Casanova Undone - review
They are a dirty bunch, those Brits. I don’t know if the Copenhagen ones are particularly filthy, but I am beginning to think so. Who else hears ‘the penis has a foreskin’ when the actor in fact just said ‘happiness is forsaken’? Does the good old-fashioned mundane word ‘door’ really sound like ‘hore’? Whether hearing-impaired or just plain naughty, the indecent misconceptions of everyday words are present in just about every English-speaking play around.
They are the butt of many a joke in Reumert award-winning director Barry McKenna and That Theatre Company’s version of Dic Edwards’ Casanova Undone too. Here, when an actor hears ‘sores on her labia’ for ‘she says she is from Libya’, the audience roars with gruntled happiness and slap their thighs in foul-mouthed gratification. Who is to say who is the filthier part - the audience or the actors, but it is suffice to say that they deserve each other.
Two hundred years after his death, Casanova is still publically appreciated as a ladies’ man, a seductress of women and the greatest lover that ever lived. In Dic Edwards’ play, he is on his last legs, an old living corpse who used to be an aristocrat, but now he is not. Living in Paris with his wingman Costa (Linda Elvira), Casanova (Ian Burns) finds himself and his Parisian peers persecuted for being hedonists. Unbothered, Casanova wishes to continue his daily rituals of getting through a number of women, but Costa (Mr Foreplay - Casanova hates foreplay, so he makes his sidekick do all the leg work, so he himself can jump in for the big finale) fears they are putting themselves in danger by ignoring the alarming decree for the heads of hedonists.
A young lady, Angelique (Laura Bach) enters the boudoir in search of Casanova’s help. Her mistress is ill and is under the impression that Casanova is the only person on earth able to help her. Mistaking Costa for Casanova and Casanova for Costa’s mother, she begsCosta for help. Edwards’ farce is one about a servant leading his master through a series of misadventures. Deceit, seduction, mistaken identities and rotting reputations follow suit.
With a maximum of only three characters present on stage at any time, the actors have a lot resting on their shoulders. Ian Burns, one of That Theatre Company’s founders, is the obnoxious and unlikeable Casanova. He’s highpitched, effeminate, his movements are a little too big, and his articulations are just a little exaggerated. His Casanova is the sort of guy you meet at a party who is too loud for comfort: call the guy OTT and he’s likely to take it as a compliment. But who wants comfort? This is a farce after all, and Burns fills the former ladies’ man’s boots with a ridiculous, loathable yet harmless creature who refuses to lie down without a fight. So to speak.
Although they are not headlining the play, it is the two young women Linda Elvira and Laura Bach that make it altogether enjoyable. Playing Costa and Angelique, their witty, continuous, well-paced and exciting interaction provides the true core of the play. They manage to pull off complicated storylines and talkative acts through their strong acting skills and multi-faceted onstage personas. Angelique and Costa are believable, empathetic, funny, lighthearted and thought provoking, almost making the play’s two hour running time seem appropriate.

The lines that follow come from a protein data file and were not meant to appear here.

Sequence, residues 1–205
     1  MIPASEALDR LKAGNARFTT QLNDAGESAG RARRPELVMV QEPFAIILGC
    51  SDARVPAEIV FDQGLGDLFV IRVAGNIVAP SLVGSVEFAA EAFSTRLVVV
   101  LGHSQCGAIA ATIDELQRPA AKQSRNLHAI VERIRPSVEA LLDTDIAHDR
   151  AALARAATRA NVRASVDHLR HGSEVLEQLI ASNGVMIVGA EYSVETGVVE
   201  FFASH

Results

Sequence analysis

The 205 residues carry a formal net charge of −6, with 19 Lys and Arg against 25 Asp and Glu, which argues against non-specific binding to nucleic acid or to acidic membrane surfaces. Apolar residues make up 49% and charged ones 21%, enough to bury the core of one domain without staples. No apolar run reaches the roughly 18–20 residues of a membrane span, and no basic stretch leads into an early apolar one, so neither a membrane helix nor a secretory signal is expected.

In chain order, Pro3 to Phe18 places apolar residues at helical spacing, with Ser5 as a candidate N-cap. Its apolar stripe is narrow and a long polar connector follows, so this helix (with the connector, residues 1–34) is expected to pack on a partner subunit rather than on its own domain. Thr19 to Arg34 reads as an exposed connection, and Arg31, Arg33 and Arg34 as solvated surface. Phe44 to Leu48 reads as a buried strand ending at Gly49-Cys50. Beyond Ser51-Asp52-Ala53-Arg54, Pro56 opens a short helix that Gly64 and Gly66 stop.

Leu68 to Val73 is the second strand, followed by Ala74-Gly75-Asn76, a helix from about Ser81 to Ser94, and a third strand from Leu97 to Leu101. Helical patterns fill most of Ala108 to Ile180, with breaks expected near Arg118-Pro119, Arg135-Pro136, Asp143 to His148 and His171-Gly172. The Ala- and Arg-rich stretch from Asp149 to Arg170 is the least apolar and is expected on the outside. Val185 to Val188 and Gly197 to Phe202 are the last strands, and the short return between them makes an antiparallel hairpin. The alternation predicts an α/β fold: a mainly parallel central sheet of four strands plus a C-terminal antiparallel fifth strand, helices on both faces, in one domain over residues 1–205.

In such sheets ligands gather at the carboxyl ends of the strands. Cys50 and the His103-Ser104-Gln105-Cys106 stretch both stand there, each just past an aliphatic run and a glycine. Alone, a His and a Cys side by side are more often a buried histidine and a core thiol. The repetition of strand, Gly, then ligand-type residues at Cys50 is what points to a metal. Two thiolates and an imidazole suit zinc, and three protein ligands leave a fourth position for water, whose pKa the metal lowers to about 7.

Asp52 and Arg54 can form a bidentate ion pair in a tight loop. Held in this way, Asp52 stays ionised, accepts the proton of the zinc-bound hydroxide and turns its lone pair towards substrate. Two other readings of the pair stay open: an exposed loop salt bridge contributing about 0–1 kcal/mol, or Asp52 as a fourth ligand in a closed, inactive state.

Almost, that is. Two hours (albeit with a twenty minute break in between the roughly hour-long acts) makes for a very long farce. Never ones for minimalism, the English shows in town often drone on regardless of their nature, and this one in particular would have benefited from a good half hour being left behind on the pre-production chopping block: a short and sweet farce is much more preferable to a Russian drama length farce.
Having said that, Casanova Undone is perfect if you’re up for a clandestine giggle in the dark. It might even make you think about its underlying philosophical themes after you’ve left the venue. Or think of dirty words that aren’t.
The Copenhagen Post Guide
Dear Copenhagen Post,
With a name like 'Hunting', I'd have expected Copenhagen Post critic (Toyah Hunting) to have come back with more for the pot than she seems to have bagged in her 'Perfect for a Clandestine Giggle in the Dark' critique of That Theatre's brilliant production of Dic Edward's 'Casanova Undone'.
What I and others I've talked with (including one good English actor friend, who even risked seeing the play TWICE -so amazed he was by it ! ) have experienced from this amazing production, went way, way beyond the 'filthy' words that kept her so much in their grip, she deemed it necessary to ramble on about for at least a third of her article........only later to point out how the play would have benefitted by being chopped down by a half hour (which in her case, would only have led her to miss the point even further.) Here was a world in the palms of good hands -and she let it slip through her fingers!
And nowhere in her critique one single mention of Dic Edwards sublime mastery of language and plot in the hands of one actor and two actresses who all three made it shine! How sad ! Perhaps if she'd dived beneath the sheets of dialogue from the heart and craft of such exceptional players, not only may she have been seduced to orgasm ..... but may even have come for more............. !
with love,Brian Patterson
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